But I'm very grateful for that opportunity and I don't regret not accepting any film offers in that period. We still don't know when we will be resuming the play though. It depends on the producers. It's also a very complicated play to run. You need 5-6 days just to set up that whole set. So you have to park yourself in one theatre and perform at least 35 to 40 shows there and then move to another theatre. 

June is the first Marathi movie to be released directly on Planet Marathi OTT.

I'm very excited about it because OTT gives you reach. This film is very close to me and our whole team. Ours is a small film and given the situation we were really not sure what would happen to it. So we are really grateful to Planet Marathi because they are launching their platform with our film. So for them to feel that June was the right film for the launch of their OTT service means a lot to us. They treat June like their own and what more can we ask for? They also believe in telling good stories. They want to make this platform for Marathi filmmakers and storytellers. I think it was the need of the hour. The Marathi audience really needed a platform that is solely dedicated to Marathi content.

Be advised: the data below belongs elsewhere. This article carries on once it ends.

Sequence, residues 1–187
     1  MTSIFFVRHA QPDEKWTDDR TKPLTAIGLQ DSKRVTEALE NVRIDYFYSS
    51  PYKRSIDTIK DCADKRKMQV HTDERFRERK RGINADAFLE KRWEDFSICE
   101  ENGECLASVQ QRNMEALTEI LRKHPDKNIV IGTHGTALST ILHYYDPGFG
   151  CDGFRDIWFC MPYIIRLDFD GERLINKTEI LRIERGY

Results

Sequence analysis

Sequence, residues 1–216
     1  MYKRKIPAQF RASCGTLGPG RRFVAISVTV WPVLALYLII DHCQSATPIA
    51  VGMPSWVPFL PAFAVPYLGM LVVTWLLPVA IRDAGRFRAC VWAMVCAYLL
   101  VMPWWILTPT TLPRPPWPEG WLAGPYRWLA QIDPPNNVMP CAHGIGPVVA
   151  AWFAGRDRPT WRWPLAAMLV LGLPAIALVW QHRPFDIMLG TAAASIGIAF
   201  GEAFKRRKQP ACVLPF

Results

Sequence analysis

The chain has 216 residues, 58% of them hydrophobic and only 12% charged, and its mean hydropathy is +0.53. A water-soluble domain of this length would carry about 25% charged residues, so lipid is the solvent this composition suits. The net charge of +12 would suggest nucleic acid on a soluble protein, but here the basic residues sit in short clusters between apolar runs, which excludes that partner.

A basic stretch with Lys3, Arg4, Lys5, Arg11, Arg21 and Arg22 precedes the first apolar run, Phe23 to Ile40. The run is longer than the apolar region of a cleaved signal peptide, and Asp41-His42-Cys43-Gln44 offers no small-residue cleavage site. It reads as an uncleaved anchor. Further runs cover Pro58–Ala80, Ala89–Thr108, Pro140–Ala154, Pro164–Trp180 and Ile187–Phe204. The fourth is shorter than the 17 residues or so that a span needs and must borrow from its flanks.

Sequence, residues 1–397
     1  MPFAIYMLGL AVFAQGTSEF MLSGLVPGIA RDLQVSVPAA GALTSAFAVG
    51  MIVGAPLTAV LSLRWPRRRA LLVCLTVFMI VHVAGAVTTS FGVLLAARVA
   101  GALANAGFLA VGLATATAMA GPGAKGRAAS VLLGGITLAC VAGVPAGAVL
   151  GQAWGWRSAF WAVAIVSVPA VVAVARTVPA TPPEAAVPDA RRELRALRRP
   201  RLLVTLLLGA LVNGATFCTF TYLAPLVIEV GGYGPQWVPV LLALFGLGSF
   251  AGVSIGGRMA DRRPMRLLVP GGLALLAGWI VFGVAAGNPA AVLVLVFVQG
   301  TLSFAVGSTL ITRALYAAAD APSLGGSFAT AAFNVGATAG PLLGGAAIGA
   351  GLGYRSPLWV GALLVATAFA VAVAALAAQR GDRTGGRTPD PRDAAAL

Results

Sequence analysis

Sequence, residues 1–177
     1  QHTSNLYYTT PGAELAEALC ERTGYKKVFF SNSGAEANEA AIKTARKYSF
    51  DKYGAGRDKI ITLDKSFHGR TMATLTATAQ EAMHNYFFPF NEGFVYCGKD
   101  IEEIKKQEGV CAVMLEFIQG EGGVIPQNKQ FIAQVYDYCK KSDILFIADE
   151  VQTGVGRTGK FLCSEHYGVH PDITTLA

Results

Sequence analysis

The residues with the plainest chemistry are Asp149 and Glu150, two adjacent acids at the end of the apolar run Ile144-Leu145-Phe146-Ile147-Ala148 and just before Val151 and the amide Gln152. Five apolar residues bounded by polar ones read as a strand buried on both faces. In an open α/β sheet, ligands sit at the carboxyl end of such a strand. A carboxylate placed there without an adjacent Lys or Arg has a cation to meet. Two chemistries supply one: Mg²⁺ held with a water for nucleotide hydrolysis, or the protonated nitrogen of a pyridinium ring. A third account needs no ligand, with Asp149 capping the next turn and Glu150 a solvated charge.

What are your future projects?

There are a couple of exciting projects but it too early to talk about them now. If things become normal by July-August, I will probably make an announcement.